As I stated in my post from last week, I was aware of open source licensing models and the Creative Commons licenses over the span of most of my years as an educator. I would like to use this post to think about reach and highlight what I have learned in recent years, how open licensing has had a direct impact on my work as well as questions that I have that I still am searching for answers to.
My Reach for you
Over the past few years I have been working with educators via workshops and my own cMOOC on the topics of flipped learning, open educational resources and innovation in education. In all of these spaces I have encouraged them (or pushed them in the case of the cMOOC) to start and continue to write in their personal space. While reflecting on the writing of this post I realize that only in that single workshop in Querétaro did I specifically talk about the advantages to using an open license for their blogging.
I want to say that my answer is that I do try to reduce the load of “too many new things/tools” that I can run into while working with teachers. I’ve been a computing nerd since the early 80s and I learned (quite recently) to be aware that not all teachers adapt to new technology as quick as I do. Open licensing is more philosophy than technology but getting into the details of Creative Commons licensing can definitely add to teacher’s cognitive load during my work with them.
So when it comes to my reach working with other teachers, I need to re-evaluate how and when I insert the discussion of open during our conversations. I believe that open practices are core to my andragogy and pedagogy and perhaps I can make that more visible in my upcoming sessions.
My Reach for me
I have actually spoke on this before that anecdotally I believe that invitations to work with others as well as invitations to speak internationally are a product of my working in the open. I have not (yet) published a book or even a journal article. I have some academic publishing in the area of software engineering that has generated a small number of references but none of it in the academic areas that I am being invited to participate in.
So I ask myself why I have been noticed? I don’t particularly think my work is novel nor well written. When I get contacted by researchers who admire my work I am at first dismissive and the few times that I have pushed these colleagues about why they say nice words their answers are about how I share my practices, work and opinions of my students in the open. Feel free to dig for more on my blog but I will take this opportunity to point out two posts in particular that I feel speak to this:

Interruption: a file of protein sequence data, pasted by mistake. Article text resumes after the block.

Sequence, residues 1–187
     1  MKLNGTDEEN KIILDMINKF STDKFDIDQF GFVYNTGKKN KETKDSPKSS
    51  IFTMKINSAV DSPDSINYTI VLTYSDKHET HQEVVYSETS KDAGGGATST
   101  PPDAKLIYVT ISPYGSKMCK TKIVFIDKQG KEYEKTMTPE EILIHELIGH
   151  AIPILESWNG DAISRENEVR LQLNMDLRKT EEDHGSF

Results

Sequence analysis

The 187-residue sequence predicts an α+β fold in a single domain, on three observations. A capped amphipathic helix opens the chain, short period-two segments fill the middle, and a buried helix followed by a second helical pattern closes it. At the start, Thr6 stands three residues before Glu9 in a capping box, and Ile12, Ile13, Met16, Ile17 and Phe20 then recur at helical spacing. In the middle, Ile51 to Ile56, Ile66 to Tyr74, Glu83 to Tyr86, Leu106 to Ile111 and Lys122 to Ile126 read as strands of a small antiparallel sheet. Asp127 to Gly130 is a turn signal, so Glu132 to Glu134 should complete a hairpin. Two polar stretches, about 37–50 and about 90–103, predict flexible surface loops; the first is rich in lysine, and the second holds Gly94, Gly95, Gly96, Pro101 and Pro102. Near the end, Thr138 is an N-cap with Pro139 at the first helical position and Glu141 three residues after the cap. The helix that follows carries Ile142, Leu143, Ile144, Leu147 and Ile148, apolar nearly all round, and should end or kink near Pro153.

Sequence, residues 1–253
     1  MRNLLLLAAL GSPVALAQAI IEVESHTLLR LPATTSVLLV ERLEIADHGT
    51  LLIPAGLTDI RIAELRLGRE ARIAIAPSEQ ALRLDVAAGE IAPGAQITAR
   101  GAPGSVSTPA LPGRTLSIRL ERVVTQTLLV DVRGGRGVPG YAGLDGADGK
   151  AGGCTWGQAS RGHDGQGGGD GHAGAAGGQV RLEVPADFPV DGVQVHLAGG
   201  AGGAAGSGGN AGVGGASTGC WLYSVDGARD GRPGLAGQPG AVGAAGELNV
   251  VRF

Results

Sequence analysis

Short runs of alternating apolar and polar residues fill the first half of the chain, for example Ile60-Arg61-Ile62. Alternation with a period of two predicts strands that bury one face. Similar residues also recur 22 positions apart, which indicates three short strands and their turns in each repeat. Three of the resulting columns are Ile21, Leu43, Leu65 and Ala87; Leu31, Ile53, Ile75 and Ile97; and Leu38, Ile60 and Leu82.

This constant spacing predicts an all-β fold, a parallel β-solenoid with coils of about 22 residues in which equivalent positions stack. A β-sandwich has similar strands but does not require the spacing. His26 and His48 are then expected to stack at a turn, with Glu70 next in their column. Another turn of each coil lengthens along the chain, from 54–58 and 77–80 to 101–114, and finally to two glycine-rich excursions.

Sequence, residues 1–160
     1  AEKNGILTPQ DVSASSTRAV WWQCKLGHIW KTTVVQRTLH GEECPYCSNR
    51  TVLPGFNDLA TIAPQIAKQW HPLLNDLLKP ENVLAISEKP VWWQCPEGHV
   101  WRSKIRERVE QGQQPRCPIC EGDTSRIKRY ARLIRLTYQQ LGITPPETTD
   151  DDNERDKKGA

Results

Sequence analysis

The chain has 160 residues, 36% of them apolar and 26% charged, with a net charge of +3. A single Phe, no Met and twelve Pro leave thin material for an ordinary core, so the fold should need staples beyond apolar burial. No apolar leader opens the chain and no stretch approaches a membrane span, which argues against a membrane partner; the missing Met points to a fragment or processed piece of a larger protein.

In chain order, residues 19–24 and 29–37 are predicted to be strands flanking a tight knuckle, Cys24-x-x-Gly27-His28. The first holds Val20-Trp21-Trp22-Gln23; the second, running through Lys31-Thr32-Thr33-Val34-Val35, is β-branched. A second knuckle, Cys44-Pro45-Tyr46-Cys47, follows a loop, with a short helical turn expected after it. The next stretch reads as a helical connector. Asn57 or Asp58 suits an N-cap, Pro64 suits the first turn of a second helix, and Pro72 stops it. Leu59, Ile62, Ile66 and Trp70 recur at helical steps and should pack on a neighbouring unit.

So this gets me thinking on the conversation between David and George about the craziness of the academic publishing mess we have and the point that David drove home (I am paraphrasing here): “Open work has more impact since it by definition removes the traditional barriers to access it (the paywall)”.
So my publishing in the open on my blog as well as having discussions in the open on Twitter and other social media platforms must have some impact on my personal reach. Perhaps this is some sort of open and organic Klout score. Whatever happened to Klout? I haven’t checked on my “score” in ages.
Reach of my Employer
I wonder what the stance of my employer is on ownership and rights to my work while at my desk as a professor at the Tecnológico de Monterrey. Henry Trotter talks of this in the ROER4D video “OER creation and the policy landscape: what questions to ask“. I believe that I have the right to put licenses on my work without need to pass this through the legal department and machinations of my system but I have a few open tasks and questions:
* Am I right with my assertion that academics (and other workers) at my institution control their works?
* How can I become more active educating and promoting open processes in my institution?
* At a national level, what is the status of the Creative Commons community and how can I help there?